The Army will write off its special, high-yielding milch cows for a token amount in an attempt to cut flab by shutting down its military farms. The write-off — by transferring the cows to state dairy cooperatives and other government departments — comes after earlier attempts to auction, or sell the 25,000-odd cattle, did not succeed.
While the special Frieswal cows are believed to be valued at over Rs 1 lakh each, the lack of buyers who are willing to pay such a large sum has forced the defence ministry to convey a special sanction to transfer of the cattle at a ‘uniform nominal price’ of Rs 1000 per animal.
Orders have been issued in late June to transfer all military farms cattle to central and state departments or dairy cooperatives for the token amount, as long as the cost of transportation is borne by the receiving entities.
This decision brings to an end an impasse over the closing down of 39 military farms that has been stuck for almost a year over the fate of these cows. A defence ministry panel had recommended shutting down of military farms across the nation — raised in 1889 to provide fresh food to troops — as part of larger measures to free up over 57,000 troops from non-combat duties.
While orders for shutting down of the farms were issued in August last year — with a three-month implementation deadline — the farms could not be closed as all attempts to sell off its living assets were thwarted.
This posed a unique problem as military farms host the highyield Frieswal cows. These cows were developed by cross breeding Dutch Holstein-Friesian cattle with native Sahiwal cattle which produce almost double the national average yield of milk.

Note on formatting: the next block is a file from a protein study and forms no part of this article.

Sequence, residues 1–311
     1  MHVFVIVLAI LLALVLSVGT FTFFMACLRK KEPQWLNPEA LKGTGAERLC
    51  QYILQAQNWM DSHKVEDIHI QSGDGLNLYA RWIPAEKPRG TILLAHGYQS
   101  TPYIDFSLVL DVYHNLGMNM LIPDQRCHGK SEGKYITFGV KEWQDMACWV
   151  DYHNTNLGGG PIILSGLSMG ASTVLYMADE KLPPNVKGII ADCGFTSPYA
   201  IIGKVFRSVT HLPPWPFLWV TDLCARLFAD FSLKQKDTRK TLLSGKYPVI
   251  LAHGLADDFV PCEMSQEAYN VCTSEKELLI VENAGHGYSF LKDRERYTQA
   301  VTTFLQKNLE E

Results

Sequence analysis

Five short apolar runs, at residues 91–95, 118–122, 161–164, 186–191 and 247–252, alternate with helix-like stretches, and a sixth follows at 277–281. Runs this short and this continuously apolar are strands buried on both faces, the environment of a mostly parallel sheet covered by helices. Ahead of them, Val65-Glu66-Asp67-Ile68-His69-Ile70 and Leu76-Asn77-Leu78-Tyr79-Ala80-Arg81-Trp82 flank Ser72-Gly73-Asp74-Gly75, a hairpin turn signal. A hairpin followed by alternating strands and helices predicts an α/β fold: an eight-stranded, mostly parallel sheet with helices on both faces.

There were also fears that in case the cattle were sold to individual farmers or private dairies, the high-yield cows could find their way to slaughter houses. This is because the cows require a high daily investment that could make them difficult to maintain.
With the issue now resolved, the army will move ahead on closing all the military farms that are spread across the country in places such as Meerut, Ambala, Srinagar, Jhansi and Lucknow. The total of 39 farms are spread over 20,000 acres of land but were meeting only 14% of annual demand of milk by the armed forces.
A cabinet decision was taken in August last year to shut all farms down to save expenses (they were allocated `334 crore in the last budget) and cut flab. The land freed up will now be used for other military purposes. At least seven of the farms have been closed already and the rest are now in the process of shutting down with the transfer of livestock.